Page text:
Meanwhile, a few yards away, Virgil desperately tries to change into his Static costume, finally using Frieda and her amazing teenage girl shrieking powers as a diversion.  Static leaps in, blasting Holocaust with electricity, and using magnetism to enwrap him in steel goalposts.  Lightning manages to douse his fire for a moment, and Static takes a shot at his elder.  “Not big on the hero chatter?  I guess GRAFT doesn’t pay by the word, huh?”  Holocaust quickly breaks free and flashfries a passing helicopter, taking Static out of the picture, then reveals to Lightning that he knows that this whole thing is a setup.  He knows Lightning DIDN’T take his money, but he’s going to take him out anyway.  “I’ll kill you because I CAN, Pops.  Strength don’t need a reason.”  Static uses his head (and the bleachers) to knock Holly for a loop, and the two electrical heroes finally get on the same page.  “You still have a NERVOUS SYSTEM,” says Lightning, “and we’re basically bioelectric batteries,” says Black Lightning.  “Actually, I’m pretty sure I manipulate ambient electro-magnetism,” says Static before they lay the firebug out with a heavy dose of voltage.  With the villain down, Static realizes that Black Lightning is playing a con, using his rep as a Luthor guy to keep tabs on villains.  Black Lightning reveals that, while he didn’t take the money, he is responsible for the casino bing shot down.  Some time later, Jefferson Pierce gets bandaged up from his burns and bruises, while Virgil tries to keep up his secret identity.  “Apropos of nothing,” says Pierce, “I find that extra deodorant and a fresh costume every day conceal one’s civilian identity better than changing one’s voice ever could.”  Heh…  “Forget what you heard,” says Virgil.  “Black Lightning is my hero.  Um… and Static’s.   I’d imagine.”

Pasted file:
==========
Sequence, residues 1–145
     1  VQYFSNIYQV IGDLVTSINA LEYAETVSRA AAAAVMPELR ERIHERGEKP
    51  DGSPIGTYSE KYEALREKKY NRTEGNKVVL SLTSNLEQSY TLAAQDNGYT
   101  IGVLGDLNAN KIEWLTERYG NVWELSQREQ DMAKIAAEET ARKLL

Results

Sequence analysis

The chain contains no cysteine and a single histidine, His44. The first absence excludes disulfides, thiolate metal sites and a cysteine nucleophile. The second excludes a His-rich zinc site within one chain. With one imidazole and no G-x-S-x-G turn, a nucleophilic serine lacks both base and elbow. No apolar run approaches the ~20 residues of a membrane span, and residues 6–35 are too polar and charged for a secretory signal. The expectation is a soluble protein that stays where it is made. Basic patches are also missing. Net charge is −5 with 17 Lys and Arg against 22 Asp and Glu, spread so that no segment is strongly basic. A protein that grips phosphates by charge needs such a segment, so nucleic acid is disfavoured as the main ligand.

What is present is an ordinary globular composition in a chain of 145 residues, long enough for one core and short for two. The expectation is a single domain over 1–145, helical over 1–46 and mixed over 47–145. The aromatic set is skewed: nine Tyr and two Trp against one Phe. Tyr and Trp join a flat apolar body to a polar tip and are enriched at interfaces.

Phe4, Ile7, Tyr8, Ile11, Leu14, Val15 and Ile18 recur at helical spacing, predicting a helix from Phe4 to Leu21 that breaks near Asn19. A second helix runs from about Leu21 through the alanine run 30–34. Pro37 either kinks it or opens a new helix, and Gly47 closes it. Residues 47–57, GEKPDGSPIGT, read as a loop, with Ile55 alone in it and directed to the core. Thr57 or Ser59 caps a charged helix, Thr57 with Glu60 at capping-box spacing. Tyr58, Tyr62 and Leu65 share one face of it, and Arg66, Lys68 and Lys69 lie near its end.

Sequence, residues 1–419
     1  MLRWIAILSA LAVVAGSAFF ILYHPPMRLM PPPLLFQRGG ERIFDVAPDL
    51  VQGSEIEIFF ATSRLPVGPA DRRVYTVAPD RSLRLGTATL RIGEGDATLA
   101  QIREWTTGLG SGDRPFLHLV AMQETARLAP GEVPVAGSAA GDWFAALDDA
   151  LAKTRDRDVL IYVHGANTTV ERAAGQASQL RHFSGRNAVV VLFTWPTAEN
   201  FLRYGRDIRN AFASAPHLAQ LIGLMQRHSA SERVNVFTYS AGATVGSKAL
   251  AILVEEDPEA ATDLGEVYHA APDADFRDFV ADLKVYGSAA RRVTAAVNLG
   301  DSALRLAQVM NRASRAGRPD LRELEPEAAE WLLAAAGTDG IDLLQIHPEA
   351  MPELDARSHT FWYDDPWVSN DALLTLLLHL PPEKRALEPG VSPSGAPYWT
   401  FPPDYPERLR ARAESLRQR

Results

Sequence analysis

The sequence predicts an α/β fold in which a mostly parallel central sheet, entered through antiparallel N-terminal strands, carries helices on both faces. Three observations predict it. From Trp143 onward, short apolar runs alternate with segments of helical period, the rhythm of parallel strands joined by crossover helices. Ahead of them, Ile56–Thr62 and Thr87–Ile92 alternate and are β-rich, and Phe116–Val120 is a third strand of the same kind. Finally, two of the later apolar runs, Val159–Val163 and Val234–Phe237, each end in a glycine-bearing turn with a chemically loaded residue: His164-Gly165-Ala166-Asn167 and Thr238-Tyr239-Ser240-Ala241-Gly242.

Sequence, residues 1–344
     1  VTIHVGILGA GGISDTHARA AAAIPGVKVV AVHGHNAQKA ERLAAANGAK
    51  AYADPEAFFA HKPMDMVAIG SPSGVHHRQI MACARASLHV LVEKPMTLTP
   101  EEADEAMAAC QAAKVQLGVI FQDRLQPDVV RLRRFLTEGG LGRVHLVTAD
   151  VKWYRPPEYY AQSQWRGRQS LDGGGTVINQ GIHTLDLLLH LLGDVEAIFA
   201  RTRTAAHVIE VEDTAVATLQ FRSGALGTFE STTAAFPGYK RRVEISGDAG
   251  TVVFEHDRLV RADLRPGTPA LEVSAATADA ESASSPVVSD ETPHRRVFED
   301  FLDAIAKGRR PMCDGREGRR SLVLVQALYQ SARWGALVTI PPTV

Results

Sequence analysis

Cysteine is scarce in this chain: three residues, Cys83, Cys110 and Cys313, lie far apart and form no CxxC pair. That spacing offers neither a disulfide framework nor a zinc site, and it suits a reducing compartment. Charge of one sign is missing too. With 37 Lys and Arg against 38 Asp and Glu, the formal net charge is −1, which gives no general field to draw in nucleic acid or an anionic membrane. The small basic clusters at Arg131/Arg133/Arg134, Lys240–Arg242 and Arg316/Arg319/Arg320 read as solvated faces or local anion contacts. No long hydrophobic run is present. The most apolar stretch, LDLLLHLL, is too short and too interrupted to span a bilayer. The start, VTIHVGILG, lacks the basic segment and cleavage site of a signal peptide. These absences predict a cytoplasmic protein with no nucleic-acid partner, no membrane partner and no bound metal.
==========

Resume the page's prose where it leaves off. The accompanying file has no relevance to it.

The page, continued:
Let me start with the obvious: It’s good to have Static back.  Writer Matt Wayne captures the goofy intellectualism of Virgil Hawkins well, as well as his relationship with best friend Frieda, and the vitriolic response he has to “sell-out” Black Lightning before the truth is raised is very well-handled.  The use of Holocaust made sense in this setting, although I can’t recall whether or not Black Lightning’s electrical field should be able to shrug off super-heated plasma that easily.  Doesn’t matter, though, as Howard Porter’s art makes the whole issue sing, using an art style somewhere between his old JLA style and the new painted rendering his did on ‘Trials of Shazam’ not so long ago.  Black Lightning in any context is awesome, and the acknowledgement of his status as first DCU hero of color feels right, as well.  The issues conflict is a little bit cardboard, but it’s not really supposed to be a deep sturm und drang story, just a setup to get these two in the same room for the first time (unless you count the “Soul Power” episode of Static Shock, or the recent Static-tinged version of Black Lightning seen in the ‘Batman: Brave And The Bold’ cartoon.)  The upshot is totally worth it, and The Brave and The Bold #24 earns a very strong 4 out of 5 stars overall.  An anthology team-up book like this one lives and dies on the strength of it’s concepts, and this issue is pure gold.